wherever the corpse is there the vultures will gather

The Greek that is translated as “wherever the corpse is, there the vultures will gather” or similar in English is translated in Mairasi a lot more specific as “if you see the mother of flocks of corpse-eating birds, Long-tailed Buzzard, Grey-faced Buzzard, White-breasted sea Eagle, or Brahminy Kite, then there is something dead and rotting, a dead person’s body, or a dead wilderness animal is over there.” (Aij ner nenem naa, tuao, iamba, sende fut namba in netomwan andani, orom umburu joet tan, nere neavo, sas warenar joetnyaa fovar atat.)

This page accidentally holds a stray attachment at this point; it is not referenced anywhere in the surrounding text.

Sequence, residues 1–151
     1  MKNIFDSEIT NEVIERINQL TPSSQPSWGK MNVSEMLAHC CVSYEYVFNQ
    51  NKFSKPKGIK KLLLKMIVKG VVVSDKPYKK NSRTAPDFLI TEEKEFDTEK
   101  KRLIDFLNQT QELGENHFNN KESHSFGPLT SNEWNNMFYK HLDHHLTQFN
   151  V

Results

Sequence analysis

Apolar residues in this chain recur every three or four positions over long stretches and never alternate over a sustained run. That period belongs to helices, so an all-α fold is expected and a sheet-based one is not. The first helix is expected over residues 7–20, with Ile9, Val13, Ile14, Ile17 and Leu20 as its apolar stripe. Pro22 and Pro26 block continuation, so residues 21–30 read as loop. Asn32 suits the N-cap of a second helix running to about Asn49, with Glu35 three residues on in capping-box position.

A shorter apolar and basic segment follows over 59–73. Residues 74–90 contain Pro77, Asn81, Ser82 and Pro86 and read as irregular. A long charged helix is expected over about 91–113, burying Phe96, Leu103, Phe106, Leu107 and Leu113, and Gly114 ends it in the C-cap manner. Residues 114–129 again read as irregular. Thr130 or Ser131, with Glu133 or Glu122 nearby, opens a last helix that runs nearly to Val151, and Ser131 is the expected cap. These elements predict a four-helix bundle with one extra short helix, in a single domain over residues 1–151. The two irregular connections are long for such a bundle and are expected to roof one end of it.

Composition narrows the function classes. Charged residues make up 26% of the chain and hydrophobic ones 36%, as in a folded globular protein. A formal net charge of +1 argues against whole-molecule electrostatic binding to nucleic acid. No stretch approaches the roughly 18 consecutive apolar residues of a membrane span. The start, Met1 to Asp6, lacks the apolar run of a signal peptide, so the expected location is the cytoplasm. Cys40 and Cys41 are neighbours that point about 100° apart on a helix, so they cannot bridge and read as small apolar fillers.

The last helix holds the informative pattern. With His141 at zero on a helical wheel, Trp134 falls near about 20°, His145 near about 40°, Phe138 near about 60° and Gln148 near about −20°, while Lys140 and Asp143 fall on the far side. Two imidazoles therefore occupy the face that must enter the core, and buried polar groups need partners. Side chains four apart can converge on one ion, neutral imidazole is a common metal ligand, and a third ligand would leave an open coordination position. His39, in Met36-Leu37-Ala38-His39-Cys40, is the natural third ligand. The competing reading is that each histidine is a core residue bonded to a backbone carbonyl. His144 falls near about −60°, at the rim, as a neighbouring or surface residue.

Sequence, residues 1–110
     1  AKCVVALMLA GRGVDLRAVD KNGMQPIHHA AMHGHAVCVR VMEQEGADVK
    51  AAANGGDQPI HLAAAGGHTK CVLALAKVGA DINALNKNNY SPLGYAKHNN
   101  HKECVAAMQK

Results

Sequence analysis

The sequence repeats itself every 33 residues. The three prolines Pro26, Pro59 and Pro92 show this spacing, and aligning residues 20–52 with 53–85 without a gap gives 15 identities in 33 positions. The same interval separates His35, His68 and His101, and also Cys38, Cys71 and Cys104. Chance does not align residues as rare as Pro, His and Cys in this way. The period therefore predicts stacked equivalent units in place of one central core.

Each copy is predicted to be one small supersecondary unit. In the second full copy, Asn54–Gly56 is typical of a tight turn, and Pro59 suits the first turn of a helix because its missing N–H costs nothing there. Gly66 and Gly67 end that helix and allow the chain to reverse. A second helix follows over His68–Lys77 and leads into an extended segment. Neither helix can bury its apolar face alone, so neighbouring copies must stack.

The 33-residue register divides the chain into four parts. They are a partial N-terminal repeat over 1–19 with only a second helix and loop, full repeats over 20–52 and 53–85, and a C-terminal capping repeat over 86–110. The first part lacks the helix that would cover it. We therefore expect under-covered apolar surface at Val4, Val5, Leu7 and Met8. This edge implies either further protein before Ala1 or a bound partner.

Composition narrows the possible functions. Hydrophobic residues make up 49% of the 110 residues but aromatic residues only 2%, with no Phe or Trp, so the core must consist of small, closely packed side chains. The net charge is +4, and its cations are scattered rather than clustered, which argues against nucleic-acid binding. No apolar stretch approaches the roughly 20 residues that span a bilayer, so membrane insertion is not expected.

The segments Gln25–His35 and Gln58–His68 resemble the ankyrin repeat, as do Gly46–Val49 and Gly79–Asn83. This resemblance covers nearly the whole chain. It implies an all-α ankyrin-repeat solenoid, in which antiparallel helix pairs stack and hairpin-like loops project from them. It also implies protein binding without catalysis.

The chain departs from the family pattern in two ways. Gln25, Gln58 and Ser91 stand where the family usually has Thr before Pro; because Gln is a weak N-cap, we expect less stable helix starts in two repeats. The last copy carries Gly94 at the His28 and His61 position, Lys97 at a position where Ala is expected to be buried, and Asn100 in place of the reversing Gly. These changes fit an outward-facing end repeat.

In Tangoa, a cultural substitute is used: “When you see the flying foxes flying to one location, you know that there is a ripe mango tree there” (Vara ko hite na karai la lo avu vano hin te jara, o pa levosahia vara te pahai mo mena atu.). A footnote explains in that translation that “when the last days come close, and people see all these things happening, they can be sure that it won’t be long before the Son of Man appears on the earth.” (Source: Ross McKerras)